Paola Capó-García Is there a part of the process that gives you the most anxiety?
Juana Molina When you think you have nothing to make a record with, that emptiness in front of you is just—we call it “the fear of the white page.” Afterwards, I really enjoy the process and I think it’s the most exciting part, just to make it. I really love making records. Once I start.
PCG What about the touring process? Is that less exciting or does it just feel too different from recording?
JM It’s very different, because when you put the songs together on a record you’re just recreating something that came together on its own—something really fresh—without knowing what was going to happen. But to reinvent the songs, to put them together live—there are things that I just can’t do in the live shows. Once we figure out how to recreate the songs, I do enjoy that very much, playing the new versions.
PCG I think I listen to “Sin Guia No“ like five times a day, so maybe you can guide me through the creation of that song. When you write a song, is there a particular process, or does each song call for something different?
JM I’m not sure about that. All I know is that “Sin Guia No“ in particular was the most difficult song to finish. It was one of the first ideas that came to me. I knew that I wanted it to be part of the record but for some reason the song didn’t work, even though it had lots of things that I loved. I think I had so many things going on in that song that I couldn’t just make a song with all that stuff, it was like making a cake with eggs, flour, lettuce, tomatoes, and fruit! (laughter) There were too many things, different powders, different essences, too much stuff going on in the song. And then one day I discovered the high-hat part, and that organized the whole song. But the record was almost done, and that song wasn’t part of the record and I thought, Oh, what a shame I couldn’t finish this song! And then by the end I had the high-hat and that whole thing gave it a particular force and a particular—well, what the song is now.
PCG So, you do it all on your own, every aspect of your sound is you. You “bake the cake” on your own. Are you interested, for future albums, in collaborating or doing duets?
JM I think these kinds of things are lucky encounters, and very rare as well. It’s as difficult as finding a boyfriend because even though you like someone else’s music, it doesn’t mean that you should work with that person. I don’t like to collaborate through emails or by sending things. I think you need to be in the same room at the same time. I also think the result of the collaboration needs to be something that neither of you would do without the other, so it needs to be a completely different recipe or a completely different cake! Another cake that you have never baked before. So I just haven’t had the luck. It really is something like chemistry. You form a molecule of something new or you don’t.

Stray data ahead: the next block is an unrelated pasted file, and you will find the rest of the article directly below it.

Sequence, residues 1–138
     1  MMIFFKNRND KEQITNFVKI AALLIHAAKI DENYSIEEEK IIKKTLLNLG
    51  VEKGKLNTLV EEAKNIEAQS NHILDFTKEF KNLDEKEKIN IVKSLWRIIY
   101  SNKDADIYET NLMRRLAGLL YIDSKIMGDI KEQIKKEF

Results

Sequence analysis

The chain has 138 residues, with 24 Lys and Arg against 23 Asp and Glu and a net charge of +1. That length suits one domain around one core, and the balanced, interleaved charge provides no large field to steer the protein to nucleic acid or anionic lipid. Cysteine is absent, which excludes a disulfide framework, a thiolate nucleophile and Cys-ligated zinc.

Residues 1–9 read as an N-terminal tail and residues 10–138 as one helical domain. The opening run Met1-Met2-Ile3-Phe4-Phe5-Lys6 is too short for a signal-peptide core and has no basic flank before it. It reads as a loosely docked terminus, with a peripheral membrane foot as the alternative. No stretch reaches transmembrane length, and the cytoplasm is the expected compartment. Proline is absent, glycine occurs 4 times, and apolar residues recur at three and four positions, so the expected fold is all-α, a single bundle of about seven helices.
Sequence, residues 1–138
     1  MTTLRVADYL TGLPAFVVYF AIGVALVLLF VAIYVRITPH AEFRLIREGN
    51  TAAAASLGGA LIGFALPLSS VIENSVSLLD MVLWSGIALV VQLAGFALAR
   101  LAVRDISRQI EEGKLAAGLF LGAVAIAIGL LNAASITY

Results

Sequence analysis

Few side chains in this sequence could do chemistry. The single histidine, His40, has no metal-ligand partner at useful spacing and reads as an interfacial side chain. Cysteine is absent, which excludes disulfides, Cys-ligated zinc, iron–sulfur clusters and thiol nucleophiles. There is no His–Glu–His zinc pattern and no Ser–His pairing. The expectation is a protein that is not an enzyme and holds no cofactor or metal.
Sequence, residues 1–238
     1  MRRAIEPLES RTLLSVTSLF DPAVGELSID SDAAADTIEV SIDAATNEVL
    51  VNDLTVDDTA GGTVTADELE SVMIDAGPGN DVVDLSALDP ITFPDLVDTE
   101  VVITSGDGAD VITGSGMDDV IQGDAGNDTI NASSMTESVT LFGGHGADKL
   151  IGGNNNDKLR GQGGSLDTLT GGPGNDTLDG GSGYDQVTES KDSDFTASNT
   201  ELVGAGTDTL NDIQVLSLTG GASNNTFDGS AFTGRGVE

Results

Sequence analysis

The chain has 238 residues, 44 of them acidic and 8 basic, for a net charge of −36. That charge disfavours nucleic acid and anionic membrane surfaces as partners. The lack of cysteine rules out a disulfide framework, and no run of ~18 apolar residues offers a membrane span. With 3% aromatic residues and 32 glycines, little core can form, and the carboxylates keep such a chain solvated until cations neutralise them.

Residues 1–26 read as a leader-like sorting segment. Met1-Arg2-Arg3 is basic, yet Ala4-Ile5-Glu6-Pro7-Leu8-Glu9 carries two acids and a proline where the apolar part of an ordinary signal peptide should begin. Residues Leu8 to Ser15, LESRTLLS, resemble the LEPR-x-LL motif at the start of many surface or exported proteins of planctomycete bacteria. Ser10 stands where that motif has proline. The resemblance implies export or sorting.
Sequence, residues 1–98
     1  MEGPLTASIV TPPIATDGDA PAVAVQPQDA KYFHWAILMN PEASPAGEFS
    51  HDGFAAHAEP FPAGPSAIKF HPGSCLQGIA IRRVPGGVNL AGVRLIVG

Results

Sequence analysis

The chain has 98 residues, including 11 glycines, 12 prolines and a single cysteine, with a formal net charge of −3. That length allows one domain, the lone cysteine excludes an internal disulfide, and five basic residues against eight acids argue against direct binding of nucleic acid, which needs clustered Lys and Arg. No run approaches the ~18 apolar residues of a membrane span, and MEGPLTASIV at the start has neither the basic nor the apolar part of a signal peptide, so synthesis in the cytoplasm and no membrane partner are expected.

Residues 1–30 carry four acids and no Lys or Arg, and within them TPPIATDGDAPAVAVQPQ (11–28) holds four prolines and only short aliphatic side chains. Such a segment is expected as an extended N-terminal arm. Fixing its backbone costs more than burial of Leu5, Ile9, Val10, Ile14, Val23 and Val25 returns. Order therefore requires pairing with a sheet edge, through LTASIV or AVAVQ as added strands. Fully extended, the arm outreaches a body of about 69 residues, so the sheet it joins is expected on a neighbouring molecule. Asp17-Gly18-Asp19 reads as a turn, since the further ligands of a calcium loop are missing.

I had that experience with someone who was like a musical husband when I worked on Segundo. Someone just introduced us and he showed me some songs and I loved them and he came to Argentina and stayed for four months. My husband was watching us through the window thinking, “What the hell are they doing?” because we were jumping and making music and having so much fun. I wouldn’t do something with somebody else if it’s not like that, just for the sake of working with somebody who has a name. I would feel very uncomfortable. I think it’s something that needs to be mutual and you need to be really lucky for that magic to happen.
PCG What about collaborating in other mediums? When I listen to the new album I find myself choreographing it. I think of these big, contemporary dance pieces and I wonder if you’ve ever though of anything like that.
JM Absolutely. My favorite thing to do is to dance and we planned—you always plan things and then you can’t do them—to have different steps for the songs, some really silly and some more energetic, never too serious. I would really love to have choreography for these tunes.
PCG You said a lot of the artists you follow are outside Argentina, but do you follow the Argentine music scene at all?